Dec 10, 2018

Axios Vitals

By Caitlin Owens
Caitlin Owens

Good morning … These endangered seals can't stop getting eels stuck up their noses.

1 big thing: Pitfalls of electronic health records
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CNBC’s Christina Farr has an eye-popping story about when electronic health records go wrong: In this case, a woman whose record said she’d had 2 children, when in fact she had never been pregnant. One of those non-existent children was still alive, according to her EHR, and one had died.

  • When the patient tried to correct her records, she was told that she was wrong about her own medical history.

How it works: Errors are common. They can originate from having multiple patients’ records open at once, or from some of the same miscommunication issues that have plagued paper records — like a nurse or resident misunderstanding a doctor’s notes.

  • The U.K. and many Nordic countries use a patient-specific identification number, to help providers ensure they’ve pulled up the right person’s records, Farr reports. The U.S. doesn’t have such a feature.
2. HHS may use waivers as leverage on state laws

HHS recently called on states to repeal laws that require providers to ask for permission before they can build new facilities. Now, Modern Healthcare's Susannah Luthi reports that the department might try to force states' hand using the leverage of Affordable Care Act waivers.

  • "If you think the markets work better (than regulation), and you want to allow competition, and if competition improves the market, find a way to measure that and use waiver authority to go that direction," the American Enterprise Institute's Thomas Miller told Modern Healthcare.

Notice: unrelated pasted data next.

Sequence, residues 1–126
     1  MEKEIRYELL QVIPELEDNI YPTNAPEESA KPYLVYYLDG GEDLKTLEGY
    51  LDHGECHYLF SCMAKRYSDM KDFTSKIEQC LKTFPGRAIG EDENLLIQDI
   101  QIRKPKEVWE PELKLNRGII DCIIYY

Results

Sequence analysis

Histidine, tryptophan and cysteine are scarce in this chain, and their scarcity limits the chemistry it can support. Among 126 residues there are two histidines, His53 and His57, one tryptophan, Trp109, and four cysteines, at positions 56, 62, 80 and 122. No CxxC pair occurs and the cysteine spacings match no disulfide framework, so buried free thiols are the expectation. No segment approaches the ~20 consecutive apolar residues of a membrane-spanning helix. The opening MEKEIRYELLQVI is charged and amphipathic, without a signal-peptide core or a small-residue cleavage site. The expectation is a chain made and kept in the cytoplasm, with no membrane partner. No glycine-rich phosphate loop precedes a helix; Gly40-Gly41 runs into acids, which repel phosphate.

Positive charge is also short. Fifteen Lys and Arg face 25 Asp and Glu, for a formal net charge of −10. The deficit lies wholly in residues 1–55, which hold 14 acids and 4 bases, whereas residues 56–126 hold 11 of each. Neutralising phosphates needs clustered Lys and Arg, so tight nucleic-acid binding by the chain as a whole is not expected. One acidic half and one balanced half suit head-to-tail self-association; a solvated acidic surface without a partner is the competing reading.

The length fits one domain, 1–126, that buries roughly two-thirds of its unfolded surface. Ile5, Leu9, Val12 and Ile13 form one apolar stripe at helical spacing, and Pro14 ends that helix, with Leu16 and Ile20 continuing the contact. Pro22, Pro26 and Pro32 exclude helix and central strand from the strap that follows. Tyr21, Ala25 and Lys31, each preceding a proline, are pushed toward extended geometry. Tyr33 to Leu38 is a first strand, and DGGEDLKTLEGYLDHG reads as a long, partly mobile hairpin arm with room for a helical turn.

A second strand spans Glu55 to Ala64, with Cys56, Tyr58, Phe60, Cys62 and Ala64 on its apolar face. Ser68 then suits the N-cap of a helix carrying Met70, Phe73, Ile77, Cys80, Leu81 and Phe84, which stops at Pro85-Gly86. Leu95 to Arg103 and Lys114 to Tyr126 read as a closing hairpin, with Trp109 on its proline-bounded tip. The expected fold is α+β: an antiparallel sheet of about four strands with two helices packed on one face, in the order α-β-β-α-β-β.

3. Hospital beds get a high-tech makeover

Hill-Rom, a major manufacturer of hospital beds, is upgrading its products to include technology that can monitor patients’ vital signs and alert nurses when something seems amiss, the Wall Street Journal reports.

Between the lines: As we’ve seen with EHRs, an increasingly digitized hospital can have real benefits for patients — if hospitals actually make good use of the information and efficiencies they’re gaining.

  • All of this also comes at a cost. And in this case, it’s a cost to duplicate existing monitoring.

By the numbers, per WSJ:

  • Hospital beds’ list prices range from $8,300 to $19,800. Hill-Rom’s existing products are at the top of that range, and the price for the new beds is unknown.
  • The U.S. market for hospital beds stands at roughly $2 billion this year and is barely growing.
  • Hill-Rom had almost $3 billion in revenues last year, and anticipated hospital beds will make up a much smaller share of that revenue over the next few years than it has in the past.
4. U.S. pays more for hospital care
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Data: OECD; Note: Japan data is from 2015. Chart: Lazaro Gamio/Axios

We know the U.S. pays more for health care overall than other industrialized countries, with no better outcomes to show for it. And we know the U.S. pays more for drugs. Axios' Caitlin Owens wanted to run all the traps on this and, yes, we also spend more on hospitals.

5. While you were weekending ...
  • The New York Times and ProPublica examine academics' and medical journals' poor track records of disclosing financial conflicts of interest.
  • Young people are more likely to put off medical care because they can't afford it, according to an NPR poll.
  • Bloomberg breaks down the stakes of the fight between UnitedHealthcare and Envision, the ER-staffing firm.
  • Have you seen the crazy blood clot yet? If not, maybe wait until you've had your coffee before you click this one.
Caitlin Owens